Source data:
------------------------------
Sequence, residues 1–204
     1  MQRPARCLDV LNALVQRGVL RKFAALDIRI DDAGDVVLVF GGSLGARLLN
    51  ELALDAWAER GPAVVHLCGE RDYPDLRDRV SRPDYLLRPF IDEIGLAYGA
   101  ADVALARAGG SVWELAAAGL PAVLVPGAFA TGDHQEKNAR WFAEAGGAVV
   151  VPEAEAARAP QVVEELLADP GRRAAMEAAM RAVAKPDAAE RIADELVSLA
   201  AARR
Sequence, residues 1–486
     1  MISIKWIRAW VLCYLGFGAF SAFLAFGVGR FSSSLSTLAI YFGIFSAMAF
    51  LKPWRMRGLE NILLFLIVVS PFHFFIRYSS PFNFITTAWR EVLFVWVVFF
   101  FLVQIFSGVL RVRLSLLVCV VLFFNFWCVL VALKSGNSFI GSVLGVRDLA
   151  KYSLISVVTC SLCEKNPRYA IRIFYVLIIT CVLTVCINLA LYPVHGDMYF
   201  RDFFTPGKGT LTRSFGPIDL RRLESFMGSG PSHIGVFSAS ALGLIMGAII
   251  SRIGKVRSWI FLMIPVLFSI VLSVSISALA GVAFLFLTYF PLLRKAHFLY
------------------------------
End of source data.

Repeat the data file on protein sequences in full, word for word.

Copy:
Sequence, residues 1–204
     1  MQRPARCLDV LNALVQRGVL RKFAALDIRI DDAGDVVLVF GGSLGARLLN
    51  ELALDAWAER GPAVVHLCGE RDYPDLRDRV SRPDYLLRPF IDEIGLAYGA
   101  ADVALARAGG SVWELAAAGL PAVLVPGAFA TGDHQEKNAR WFAEAGGAVV
   151  VPEAEAARAP QVVEELLADP GRRAAMEAAM RAVAKPDAAE RIADELVSLA
   201  AARR
Sequence, residues 1–486
     1  MISIKWIRAW VLCYLGFGAF SAFLAFGVGR FSSSLSTLAI YFGIFSAMAF
    51  LKPWRMRGLE NILLFLIVVS PFHFFIRYSS PFNFITTAWR EVLFVWVVFF
   101  FLVQIFSGVL RVRLSLLVCV VLFFNFWCVL VALKSGNSFI GSVLGVRDLA
   151  KYSLISVVTC SLCEKNPRYA IRIFYVLIIT CVLTVCINLA LYPVHGDMYF
   201  RDFFTPGKGT LTRSFGPIDL RRLESFMGSG PSHIGVFSAS ALGLIMGAII
   251  SRIGKVRSWI FLMIPVLFSI VLSVSISALA GVAFLFLTYF PLLRKAHFLY